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Septate versus bicornuate uterus

Case contributed by Dr Bruno Di Muzio


26 years old woman with difficulty in conceiving. Observation: In this case we don`t have other modality of image to make this differentiation, the patient did not bring previous ultrasound.

Patient Data:

Age: 26
Gender: Female
Race: Other
Modality: X-ray

Case Discussion:

Congenital abnormalities of uterine shape are due to abnormal fusion of the müllerian ducts during early (6 - 12 weeks) gestation.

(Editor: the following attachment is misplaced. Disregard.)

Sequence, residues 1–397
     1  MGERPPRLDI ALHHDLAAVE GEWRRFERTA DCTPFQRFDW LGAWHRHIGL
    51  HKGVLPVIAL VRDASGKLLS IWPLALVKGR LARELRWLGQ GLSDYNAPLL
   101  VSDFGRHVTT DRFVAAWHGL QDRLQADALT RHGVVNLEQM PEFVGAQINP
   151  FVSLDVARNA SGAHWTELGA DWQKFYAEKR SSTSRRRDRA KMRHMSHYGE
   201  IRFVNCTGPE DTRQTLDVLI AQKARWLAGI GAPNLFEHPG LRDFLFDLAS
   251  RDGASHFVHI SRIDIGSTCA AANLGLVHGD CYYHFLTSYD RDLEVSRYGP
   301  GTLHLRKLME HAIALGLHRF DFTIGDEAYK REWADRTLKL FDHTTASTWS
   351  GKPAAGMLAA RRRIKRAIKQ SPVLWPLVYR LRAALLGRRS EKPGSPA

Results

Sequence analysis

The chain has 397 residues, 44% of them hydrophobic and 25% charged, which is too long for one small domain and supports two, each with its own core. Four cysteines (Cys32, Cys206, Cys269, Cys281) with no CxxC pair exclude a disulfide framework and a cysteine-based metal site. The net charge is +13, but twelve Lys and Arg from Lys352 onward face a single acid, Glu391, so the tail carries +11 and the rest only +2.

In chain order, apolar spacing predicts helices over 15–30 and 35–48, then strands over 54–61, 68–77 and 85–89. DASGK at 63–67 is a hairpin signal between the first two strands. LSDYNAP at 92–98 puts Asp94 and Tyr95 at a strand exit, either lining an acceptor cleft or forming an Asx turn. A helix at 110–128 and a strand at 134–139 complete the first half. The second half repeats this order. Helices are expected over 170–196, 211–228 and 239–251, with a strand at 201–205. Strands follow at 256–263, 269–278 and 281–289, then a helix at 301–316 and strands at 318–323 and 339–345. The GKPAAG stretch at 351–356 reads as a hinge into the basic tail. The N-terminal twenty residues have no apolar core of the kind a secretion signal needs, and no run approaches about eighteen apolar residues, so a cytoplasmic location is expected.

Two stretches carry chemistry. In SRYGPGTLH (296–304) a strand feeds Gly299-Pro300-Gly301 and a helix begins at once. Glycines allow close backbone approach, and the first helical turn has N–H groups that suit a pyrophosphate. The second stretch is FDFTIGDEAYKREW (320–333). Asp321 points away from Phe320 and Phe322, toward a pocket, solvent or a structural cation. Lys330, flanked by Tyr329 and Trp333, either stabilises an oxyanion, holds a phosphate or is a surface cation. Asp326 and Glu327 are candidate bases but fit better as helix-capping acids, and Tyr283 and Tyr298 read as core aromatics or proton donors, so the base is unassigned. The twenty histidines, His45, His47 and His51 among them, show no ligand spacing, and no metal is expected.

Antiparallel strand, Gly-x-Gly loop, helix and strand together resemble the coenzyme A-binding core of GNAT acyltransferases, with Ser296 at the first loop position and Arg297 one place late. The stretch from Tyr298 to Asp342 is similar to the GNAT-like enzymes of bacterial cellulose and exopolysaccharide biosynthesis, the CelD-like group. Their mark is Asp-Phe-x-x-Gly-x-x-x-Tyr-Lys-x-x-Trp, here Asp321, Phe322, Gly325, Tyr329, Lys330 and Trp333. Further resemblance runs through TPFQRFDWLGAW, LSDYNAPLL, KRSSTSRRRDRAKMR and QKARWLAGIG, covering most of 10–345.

If the two müllerian ducts do not completely fuse, a bicornuate uterus is formed. All bicornuate uteri will demonstrate a cleft in the outer contour of the fundus. The amount of fusion of the müllerian ducts can vary from minimal union to nearly complete union. When the two ducts fuse but there is incomplete resorption of the intervening septum, a septate uterus results. The length of the septum can vary depending on the degree of resorption (complete vs partial septum), similar to the bicornuate uterine anomaly. Unlike the bicornuate uterine deformity, the septate and arcuate deformities have a normal outer uterine contour. Optimal visualization of the outer contour is important in differentiating among these various anomalies.

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